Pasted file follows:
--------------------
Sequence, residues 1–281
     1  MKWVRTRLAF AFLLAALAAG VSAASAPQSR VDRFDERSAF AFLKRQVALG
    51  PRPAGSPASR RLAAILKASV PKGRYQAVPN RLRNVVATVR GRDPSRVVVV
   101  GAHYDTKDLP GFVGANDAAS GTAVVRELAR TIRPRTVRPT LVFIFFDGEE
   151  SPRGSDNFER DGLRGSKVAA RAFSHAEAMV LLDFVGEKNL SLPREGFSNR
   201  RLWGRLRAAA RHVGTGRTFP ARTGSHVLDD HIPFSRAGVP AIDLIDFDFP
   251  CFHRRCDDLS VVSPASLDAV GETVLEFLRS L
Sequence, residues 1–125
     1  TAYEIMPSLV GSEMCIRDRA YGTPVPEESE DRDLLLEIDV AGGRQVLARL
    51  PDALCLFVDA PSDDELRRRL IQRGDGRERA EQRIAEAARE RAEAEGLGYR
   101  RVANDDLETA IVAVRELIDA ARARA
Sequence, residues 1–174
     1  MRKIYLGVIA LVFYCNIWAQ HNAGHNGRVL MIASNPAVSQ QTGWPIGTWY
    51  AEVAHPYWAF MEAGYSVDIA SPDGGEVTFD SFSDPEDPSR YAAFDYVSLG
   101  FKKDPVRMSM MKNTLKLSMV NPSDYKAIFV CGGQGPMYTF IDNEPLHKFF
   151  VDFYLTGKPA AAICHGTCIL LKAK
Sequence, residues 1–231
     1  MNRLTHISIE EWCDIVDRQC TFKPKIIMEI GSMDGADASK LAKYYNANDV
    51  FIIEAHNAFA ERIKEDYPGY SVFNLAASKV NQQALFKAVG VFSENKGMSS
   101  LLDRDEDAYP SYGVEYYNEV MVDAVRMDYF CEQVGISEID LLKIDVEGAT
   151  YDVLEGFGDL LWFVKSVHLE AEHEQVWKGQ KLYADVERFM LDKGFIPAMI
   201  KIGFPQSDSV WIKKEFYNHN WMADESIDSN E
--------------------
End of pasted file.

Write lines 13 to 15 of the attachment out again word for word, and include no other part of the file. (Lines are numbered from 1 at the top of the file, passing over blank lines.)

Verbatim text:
     1  MRKIYLGVIA LVFYCNIWAQ HNAGHNGRVL MIASNPAVSQ QTGWPIGTWY
    51  AEVAHPYWAF MEAGYSVDIA SPDGGEVTFD SFSDPEDPSR YAAFDYVSLG
   101  FKKDPVRMSM MKNTLKLSMV NPSDYKAIFV CGGQGPMYTF IDNEPLHKFF